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Per Wiberg played the keyboards on the album and after that left the band. Why did you part ways?
That was something that did not came out of the blue. It was a process of departure that started a while ago. Per was not happy with his contribution to the band and we were not satisfied with his contribution. Per did not like his role as band member, he wanted to have more authority. That was not possible in Opeth. That fact - in combination with his lack of inspiration and motivation – led to his departure.

The album was produced by Steven Wilson (and Opeth). Tell me, in what way is he inspiring to you as a musician?
Of course we have known Steven for quite a while now. He is a very inspiring person. He is very intelligent. It does not matter what the subject of a conversation is; Steven is able to join every conversation and is always able to say something about that subject that makes sense! And what is important too: he is very funny. Being a musician himself, he knows what we want and do not want while recording an album. What was different this time in our musical relationship: we decided what we wanted, not Steven. Of course we listened to him, to his advice or opinion about certain things, but in the end I was the one who made the decisions.

Can you tell us a bit more about 'Slither'?
The death of Ronny James Dio had a great impact to each and every member of the band. We wanted to write a song to remember him. And suddenly there was the riff for 'Slither'. People will recognize part of that riff immediately. We wanted to name the song 'Kill The Queen', hahaha. But that was a bit too obvious I guess. We changed some bits and pieces until we were satisfied with the result: a worthy memory to Ronny.

My personal favorite after listening the album a few times now is 'Nepenthe'. Jazzy drums and guitars, an incredible guitar solo, great technical skills throughout the whole song. And I also like the transparent sound of that track!
Thank you. Yes, it is a nice song. It is fun to play. I have to give credits to Fredrik, being responsible for the guitar solo. Nepenthe means 'a potion used by the ancients to induce forgetfulness of pain or sorrow'. I hope we succeeded in creating some sort of forgetfulness of pain of sorrow for our listeners while listening to this song. There's melancholy in that song as well as hope.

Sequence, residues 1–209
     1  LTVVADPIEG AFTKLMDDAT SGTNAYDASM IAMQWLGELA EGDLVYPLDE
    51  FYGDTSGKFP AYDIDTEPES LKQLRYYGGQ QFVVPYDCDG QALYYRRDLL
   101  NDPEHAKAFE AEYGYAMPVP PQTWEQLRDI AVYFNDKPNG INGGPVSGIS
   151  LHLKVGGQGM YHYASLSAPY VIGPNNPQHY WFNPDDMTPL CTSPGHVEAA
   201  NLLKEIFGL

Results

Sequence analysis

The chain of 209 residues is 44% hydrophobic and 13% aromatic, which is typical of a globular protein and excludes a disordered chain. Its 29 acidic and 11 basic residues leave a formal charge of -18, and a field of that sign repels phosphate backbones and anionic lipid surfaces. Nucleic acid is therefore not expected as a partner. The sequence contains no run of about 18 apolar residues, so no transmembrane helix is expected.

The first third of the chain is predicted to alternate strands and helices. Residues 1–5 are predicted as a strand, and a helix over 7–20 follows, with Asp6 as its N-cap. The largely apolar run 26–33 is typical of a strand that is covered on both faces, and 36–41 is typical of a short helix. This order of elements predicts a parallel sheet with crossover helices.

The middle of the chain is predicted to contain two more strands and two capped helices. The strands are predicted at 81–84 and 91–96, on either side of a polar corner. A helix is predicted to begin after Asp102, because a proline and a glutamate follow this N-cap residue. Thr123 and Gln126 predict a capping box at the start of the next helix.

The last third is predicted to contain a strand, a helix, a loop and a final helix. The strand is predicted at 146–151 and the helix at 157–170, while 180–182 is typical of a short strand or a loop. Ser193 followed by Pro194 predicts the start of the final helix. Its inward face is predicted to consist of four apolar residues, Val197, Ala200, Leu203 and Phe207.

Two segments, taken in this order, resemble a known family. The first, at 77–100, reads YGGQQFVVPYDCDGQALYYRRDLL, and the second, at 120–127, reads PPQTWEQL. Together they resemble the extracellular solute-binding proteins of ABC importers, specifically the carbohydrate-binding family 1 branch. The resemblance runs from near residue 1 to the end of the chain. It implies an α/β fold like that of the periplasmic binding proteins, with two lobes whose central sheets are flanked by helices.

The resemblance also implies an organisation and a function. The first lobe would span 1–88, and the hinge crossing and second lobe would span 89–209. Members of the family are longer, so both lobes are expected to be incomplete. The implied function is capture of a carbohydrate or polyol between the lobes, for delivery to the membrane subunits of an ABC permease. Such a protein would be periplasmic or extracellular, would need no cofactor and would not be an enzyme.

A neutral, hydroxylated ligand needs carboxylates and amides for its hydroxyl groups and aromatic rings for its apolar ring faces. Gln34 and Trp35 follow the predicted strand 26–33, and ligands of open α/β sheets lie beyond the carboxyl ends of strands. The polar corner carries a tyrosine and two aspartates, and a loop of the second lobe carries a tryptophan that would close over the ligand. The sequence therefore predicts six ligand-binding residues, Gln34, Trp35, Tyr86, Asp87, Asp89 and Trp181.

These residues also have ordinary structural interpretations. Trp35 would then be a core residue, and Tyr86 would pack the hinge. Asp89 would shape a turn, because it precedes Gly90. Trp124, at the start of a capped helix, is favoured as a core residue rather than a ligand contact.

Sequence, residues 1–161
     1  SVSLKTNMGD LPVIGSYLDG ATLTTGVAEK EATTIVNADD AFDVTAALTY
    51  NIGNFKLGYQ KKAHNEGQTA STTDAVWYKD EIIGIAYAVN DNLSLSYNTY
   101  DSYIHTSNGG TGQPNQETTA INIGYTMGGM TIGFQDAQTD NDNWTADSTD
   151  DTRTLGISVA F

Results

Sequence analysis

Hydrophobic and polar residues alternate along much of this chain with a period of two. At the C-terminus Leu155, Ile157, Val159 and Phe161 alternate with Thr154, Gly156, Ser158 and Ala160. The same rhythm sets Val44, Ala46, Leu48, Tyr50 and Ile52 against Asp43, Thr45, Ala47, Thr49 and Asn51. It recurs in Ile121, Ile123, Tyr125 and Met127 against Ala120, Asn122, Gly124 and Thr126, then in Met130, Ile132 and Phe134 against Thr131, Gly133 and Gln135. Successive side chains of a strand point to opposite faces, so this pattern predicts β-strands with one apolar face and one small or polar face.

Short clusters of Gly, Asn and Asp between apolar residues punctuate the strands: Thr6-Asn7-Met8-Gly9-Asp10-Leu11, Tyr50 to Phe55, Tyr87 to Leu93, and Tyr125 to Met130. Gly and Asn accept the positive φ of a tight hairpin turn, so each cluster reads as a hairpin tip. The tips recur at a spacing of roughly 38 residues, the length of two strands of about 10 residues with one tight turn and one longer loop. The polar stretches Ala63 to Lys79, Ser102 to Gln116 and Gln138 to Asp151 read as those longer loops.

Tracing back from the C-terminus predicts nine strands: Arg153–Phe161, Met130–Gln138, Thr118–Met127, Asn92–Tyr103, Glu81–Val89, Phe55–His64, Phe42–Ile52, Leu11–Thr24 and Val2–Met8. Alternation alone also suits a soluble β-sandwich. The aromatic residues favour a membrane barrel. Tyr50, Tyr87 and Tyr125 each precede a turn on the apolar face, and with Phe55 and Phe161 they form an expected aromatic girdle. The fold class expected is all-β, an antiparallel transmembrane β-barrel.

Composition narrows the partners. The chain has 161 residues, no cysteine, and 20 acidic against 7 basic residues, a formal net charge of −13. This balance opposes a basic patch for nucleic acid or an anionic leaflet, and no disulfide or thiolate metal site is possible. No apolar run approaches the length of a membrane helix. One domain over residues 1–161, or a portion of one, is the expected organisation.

'Famine' is one of the examples for me of your growth as a vocalist.
I do not know. I think it's most of all one of the more experimental songs on the new album. Songs like that are fun to play. The same goes for 'Häxprocess' and 'The Lines In My Hand' in which you hear great contributions by Axe (Martin Axenrot, WS). I think as musicians we are very happy with the final result on 'Heritage'. It is going to be fun to play those songs live. We are aware of the fact that a few of our fans will have to get used to this new sound of Opeth.

I guess so. Are you not afraid of losing a lot of 'old fans', fans who want to hear the grunts and the heavy death metal riffs?
To be honest, no, I am not afraid of that. I think Opeth fans are open-minded, they appreciate us looking for new things, new sounds, new themes. I think this album is more metal, much heavier than a lot of so called real death metal albums. You do not create heaviness only by playing a metal riff. It is created by the vibe, the emotion, the sincerity of music. And maybe a few old fans will not understand that. So be it. We will also gain new fans I am sure. We cannot please everyone of course.

Thank you Mikael for taking the time to answer my questions, you must be exhausted after twelve interviews?
No problem, it is my pleasure. Doing interviews of course is part of the job. We need each other: musicians, fans, the press. So thank you. We see you all on tour later this year.